Compared with SEPA as a whole, fraudsters in the euro area focused more on ATM and POS fraud (fraud committed at ATMs and POS terminals accounted for 30% of the total value of fraud in the euro area, compared with 27% in SEPA). The difference can be attributed mainly to the influence of the United Kingdom, which had a relatively high share of CNP fraud and, with its total level of fraud, accounted for 40% of total fraud losses on cards issued within SEPA.

This report also covers data on transactions conducted using cards issued outside SEPA, but acquired inside SEPA. These data show that there are higher fraud losses on non-SEPA issued cards used inside SEPA than there are on SEPA issued cards used outside SEPA. This also holds true in relative terms in relation to the value of transactions: 0.57% of the value of transactions acquired inside SEPA using non-SEPA issued cards was fraudulent, compared with 0.44% of the value of transactions acquired outside SEPA using cards issued inside SEPA. The finding suggests that European cardholders also benefit from high European security standards for transactions conducted outside SEPA.

For individual European Union (EU) Member States, large variations with respect to card usage were identified, as in the previous report: the number of cards per inhabitant ranged from 0.8 to 3.9, the number of payments made per year per inhabitant ranged from 26 to 329, while the corresponding transaction values ranged between €1,800 and more than €17,000 per year and inhabitant. Fraud shares, i.e. the fraud-related share of the transaction value or volume, ranged from 0.005% for cards issued in Poland to 0.073 % for cards issued in Denmark in terms of value, and from 0.002% in Poland to 0.043% for cards issued in France in terms of volume. There were also big differences with respect to the transaction channels used by fraudsters in the EU. Broken down by country of card issue, fraud committed at ATMs ranged from 0% to 18% of the total, the share of CNP fraud ranged from 41% to 84%, and the share of POS fraud ranged from 13% to 55%. Broken down by country of acquirer, these variations were even larger; ATM fraud ranged from 0% to 26%, CNP fraud from 33% to 93% and POS fraud from 7% to 61%.

Most of the countries with significant card markets (defined as countries with high volumes and values of card transactions per inhabitant) experienced high rates of fraud. CNP fraud was typically the most common type of fraud involving cards issued in these markets. By contrast, countries with limited card usage experienced relatively low levels of fraud.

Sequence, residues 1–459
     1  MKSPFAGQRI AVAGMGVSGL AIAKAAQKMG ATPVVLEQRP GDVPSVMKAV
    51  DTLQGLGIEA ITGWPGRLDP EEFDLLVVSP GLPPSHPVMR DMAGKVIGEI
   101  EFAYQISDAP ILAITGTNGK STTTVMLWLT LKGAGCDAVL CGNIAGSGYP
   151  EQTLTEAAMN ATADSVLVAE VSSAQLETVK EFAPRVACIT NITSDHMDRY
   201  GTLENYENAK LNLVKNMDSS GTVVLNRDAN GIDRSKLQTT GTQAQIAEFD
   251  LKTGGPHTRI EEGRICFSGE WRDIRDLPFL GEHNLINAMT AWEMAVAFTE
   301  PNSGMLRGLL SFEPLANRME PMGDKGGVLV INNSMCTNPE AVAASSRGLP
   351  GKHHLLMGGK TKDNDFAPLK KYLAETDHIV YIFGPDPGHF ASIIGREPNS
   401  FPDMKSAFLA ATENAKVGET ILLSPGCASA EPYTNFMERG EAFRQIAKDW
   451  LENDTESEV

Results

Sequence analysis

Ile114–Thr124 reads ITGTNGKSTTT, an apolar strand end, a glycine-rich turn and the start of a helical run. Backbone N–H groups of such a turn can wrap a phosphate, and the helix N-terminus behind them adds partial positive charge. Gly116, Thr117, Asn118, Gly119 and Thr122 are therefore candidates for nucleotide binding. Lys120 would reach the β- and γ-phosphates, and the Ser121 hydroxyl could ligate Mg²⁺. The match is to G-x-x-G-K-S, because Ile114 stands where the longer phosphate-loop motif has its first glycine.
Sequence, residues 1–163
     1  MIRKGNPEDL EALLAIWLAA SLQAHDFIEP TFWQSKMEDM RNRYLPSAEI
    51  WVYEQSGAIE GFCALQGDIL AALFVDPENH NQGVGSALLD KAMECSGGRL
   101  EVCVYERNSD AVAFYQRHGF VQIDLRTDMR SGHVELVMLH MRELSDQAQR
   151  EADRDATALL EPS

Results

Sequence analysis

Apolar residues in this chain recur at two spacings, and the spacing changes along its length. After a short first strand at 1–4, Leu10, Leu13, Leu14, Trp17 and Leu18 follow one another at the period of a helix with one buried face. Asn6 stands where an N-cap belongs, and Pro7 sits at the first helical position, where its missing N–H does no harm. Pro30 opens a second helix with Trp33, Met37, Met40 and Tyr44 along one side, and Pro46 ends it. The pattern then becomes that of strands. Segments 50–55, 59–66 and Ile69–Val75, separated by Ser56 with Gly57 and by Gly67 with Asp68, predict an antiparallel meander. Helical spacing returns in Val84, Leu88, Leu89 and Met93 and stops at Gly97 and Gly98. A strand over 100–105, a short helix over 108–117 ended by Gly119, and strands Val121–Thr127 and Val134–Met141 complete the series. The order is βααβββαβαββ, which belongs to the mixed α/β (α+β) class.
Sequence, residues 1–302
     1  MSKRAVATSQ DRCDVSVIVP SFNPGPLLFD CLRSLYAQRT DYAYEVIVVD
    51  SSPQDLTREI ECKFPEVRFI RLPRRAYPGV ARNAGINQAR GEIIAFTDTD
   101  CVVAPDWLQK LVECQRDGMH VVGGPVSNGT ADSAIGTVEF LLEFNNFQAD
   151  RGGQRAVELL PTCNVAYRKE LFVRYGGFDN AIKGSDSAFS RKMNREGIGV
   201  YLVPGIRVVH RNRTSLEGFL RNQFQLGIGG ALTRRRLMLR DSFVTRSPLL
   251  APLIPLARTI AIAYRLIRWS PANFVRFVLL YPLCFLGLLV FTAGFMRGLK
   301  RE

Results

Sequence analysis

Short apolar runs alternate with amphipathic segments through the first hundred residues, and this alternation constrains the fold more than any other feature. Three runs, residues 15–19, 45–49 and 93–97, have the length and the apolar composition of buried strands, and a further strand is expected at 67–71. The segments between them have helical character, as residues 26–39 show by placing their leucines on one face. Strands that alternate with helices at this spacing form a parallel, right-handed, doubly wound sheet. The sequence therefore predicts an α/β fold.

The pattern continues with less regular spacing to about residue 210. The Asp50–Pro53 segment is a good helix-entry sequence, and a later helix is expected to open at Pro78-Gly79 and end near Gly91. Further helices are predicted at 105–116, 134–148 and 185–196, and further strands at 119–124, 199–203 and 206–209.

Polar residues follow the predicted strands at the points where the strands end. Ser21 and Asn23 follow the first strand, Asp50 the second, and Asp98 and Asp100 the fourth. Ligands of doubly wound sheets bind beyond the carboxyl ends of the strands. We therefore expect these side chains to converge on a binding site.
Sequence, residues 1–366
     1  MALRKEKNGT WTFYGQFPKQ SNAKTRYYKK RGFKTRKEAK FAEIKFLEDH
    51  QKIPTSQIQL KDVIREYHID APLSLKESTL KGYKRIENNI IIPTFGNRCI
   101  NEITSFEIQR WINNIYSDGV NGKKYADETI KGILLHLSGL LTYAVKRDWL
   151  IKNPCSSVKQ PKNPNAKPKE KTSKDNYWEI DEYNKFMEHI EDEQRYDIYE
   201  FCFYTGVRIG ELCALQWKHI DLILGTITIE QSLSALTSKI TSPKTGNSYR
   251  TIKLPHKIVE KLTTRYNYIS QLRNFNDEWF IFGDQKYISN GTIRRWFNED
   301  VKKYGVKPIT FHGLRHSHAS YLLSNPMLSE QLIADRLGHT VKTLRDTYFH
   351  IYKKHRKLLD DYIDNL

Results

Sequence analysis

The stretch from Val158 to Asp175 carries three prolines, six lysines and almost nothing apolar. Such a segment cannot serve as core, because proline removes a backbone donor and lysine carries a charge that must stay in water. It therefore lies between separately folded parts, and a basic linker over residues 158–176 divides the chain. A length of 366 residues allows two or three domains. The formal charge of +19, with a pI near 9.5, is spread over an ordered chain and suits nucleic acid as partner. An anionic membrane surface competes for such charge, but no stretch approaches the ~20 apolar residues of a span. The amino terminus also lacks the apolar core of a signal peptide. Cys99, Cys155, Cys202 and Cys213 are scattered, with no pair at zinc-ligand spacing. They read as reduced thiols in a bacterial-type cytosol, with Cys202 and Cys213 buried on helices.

In summary, in 2016 the total value of card fraud decreased. Fraud involving cards issued inside SEPA increased for CNP transactions and decreased across the other transaction channels. In 2016 CNP fraud accounted for 73% of total fraud losses on cards issued inside SEPA, compared with 71% in 2015. Furthermore, and unlike 2015, fraud at ATMs and POS terminals decreased in 2016 following the near completion of migration to the EMV standard within SEPA. The drop in card-present fraud could be a result not only of this migration within SEPA but also of an increasingly high adoption rate of EMV for terminals outside Europe[. A wider usage of geo-blocking, as well as increased physical security measures at terminals (e.g. lids to protect PIN entry, skimming device detectors, etc.) and the deactivation of the option to fall back to magnetic stripe (or “magstripe”) usage for cards might also be among the factors that contributed to this reduction. While ATM and POS fraud diminished substantially (and at a high pace between 2012 and 2016) as more countries outside SEPA migrated to EMV, CNP fraud saw a slight increase in 2016.

The application of the Eurosystem’s “Guide for the assessment of card payment schemes against the oversight standards” (February 2015) could also have contributed to making card payment schemes more secure. In particular, the application of the Recommendations for the security of internet payments, which are incorporated into the above-mentioned guide, may have helped limit the increase of online fraud.

The author of this article is solely responsible for the content published.